Way back when I was still a kid, during the Pirates three-year run as NL East Champions, my brother called me one morning all excited because the Pirates had acquired Kirk Gibson in a minor offseason deal. Gibson was far removed from his fist-pumping game-winning home run in Game 1 of the 1988 World Series, but my brother said, "I can't believe they got him! He's a name, baby! I mean, that's someone that we know!" He was aw-struck at the thought of the Pirates getting Gibson even though they were already one of the most talented teams in baseball with Barry Bonds, Andy Van Slyke and Doug Drabek, and Gibson was going to be just a role player on the team.
Just last week, some twenty years later, my brother called me on the phone again all excited about the rumors of the Pirates maybe landing A.J. Burnett from the Yankees. Once again, he said, "man, that's someone we know. He was one of the best pitchers in baseball at one time."
That's my brother, he hasn't changed a bit. A player could be so broken down that he needs a walker to get to the ballpark, but if he has a recognizable name on the back of his jersey, my brother gets all giddy.
Unlike those Pirates teams from the early 90's, however, I can kind of see why my bro would get excited over Burnett coming to Pittsburgh. It's not often that the Pirates are involved with a trade with the Yankees, and that they're the team that's acquiring the high-priced veteran in exchange for some lower-level prospects. But as I've said before, this just smells like the same old crap.
I'm a bit sensitive to this kind of thing after so many years of seeing it happen over and over again. Someone mentioned the other day that anytime someone says, "I'm a long-suffering Pirates fan" they stop paying attention. Well, I'm sorry, but I am, and after eating crap for the last two-decades, the second I think someone is trying to shovel more of it down my throat, my gag reflex kicks in big-time.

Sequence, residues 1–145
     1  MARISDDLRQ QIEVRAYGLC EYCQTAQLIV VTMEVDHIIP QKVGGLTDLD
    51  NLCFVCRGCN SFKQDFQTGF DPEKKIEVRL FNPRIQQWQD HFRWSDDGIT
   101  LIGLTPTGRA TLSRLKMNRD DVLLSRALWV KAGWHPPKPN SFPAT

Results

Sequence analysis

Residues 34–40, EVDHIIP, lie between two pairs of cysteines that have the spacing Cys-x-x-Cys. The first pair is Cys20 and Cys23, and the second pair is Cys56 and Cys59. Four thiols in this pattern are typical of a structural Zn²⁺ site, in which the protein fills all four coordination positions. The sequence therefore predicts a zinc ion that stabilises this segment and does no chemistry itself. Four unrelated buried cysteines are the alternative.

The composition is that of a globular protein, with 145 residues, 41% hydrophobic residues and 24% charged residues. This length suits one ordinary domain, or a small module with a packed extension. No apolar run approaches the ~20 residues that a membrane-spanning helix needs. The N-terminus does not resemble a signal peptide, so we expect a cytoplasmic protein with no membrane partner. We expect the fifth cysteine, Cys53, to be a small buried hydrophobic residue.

I don't really blame the Pirates for this, it's the system of baseball. When a certain player is in the prime of his career, he goes to the highest-bidder (Yankees, Red Sox, Phillies) and signs a mega-contract. Once that player reaches another point in his career, better known as the latter stages, he tries to hang on for a few more years, usually with a struggling team (Pirates, Royals) that's looking to recapture the magic that the player once had.
Call me crazy, but I get the feeling A.J. Burnett is in the latter-stages of his career, and other than eating up some innings, I don't see where he's going to benefit the Pirates a whole heck of a lot.
Is he still a functional starter? I guess it all depends on what you mean by functional.
Ever go to the Sports Deli in Parkway Center Mall? It's a place where they sell sports memorabilia. Right outside the store, they have a table with discounted items on it like a "Tommy Gun" t-shirt, for example. Who would buy that shirt? Tommy Maddox was a sensation with the Steelers nearly ten seasons ago.
If you did actually buy a "Tommy Gun" t-shirt, where would you wear it? I suppose you could wear it to paint your house, and it might come in handy if you wanted to go to a Halloween party dressed like Tommy, but other than that, there really is no use for it in your daily rotation of shirts.
As a Pirates fan, that's how I feel about any transaction that involves a guy in his mid-30's.
The Burnett of five years ago would have been great to have in the daily rotation, but now? I hope I'm wrong.
This Burnett trade just smells like Derek Belle and Jeromy Burnitz all over again. As a fan, I'm always asking, "why couldn't these guys have come to the Pirates in their prime?" And some hot-shot baseball guy will always retort, "because when they were in their prime, they would never come to the Pirates."
And people wonder why I'm cynical about this kind of stuff.
Burnett had his career year in 2008, that's a really long time ago in baseball years.
In my opinion, if the Pirates can't acquire guys like Burnett when they're their prime, don't acquire them at all. If they're still hanging on at the ends of their careers, trying to latch on with a team like the Buccos just so they can earn a few more pay-checks, I'd say, "sorry, you had your chance. Don't let the door hit you in the butt on the way out."
I just get the feeling a lot of Pirates fans are excited about Burnett because of what he once did, and not what he may do in the future.
I know my brother is.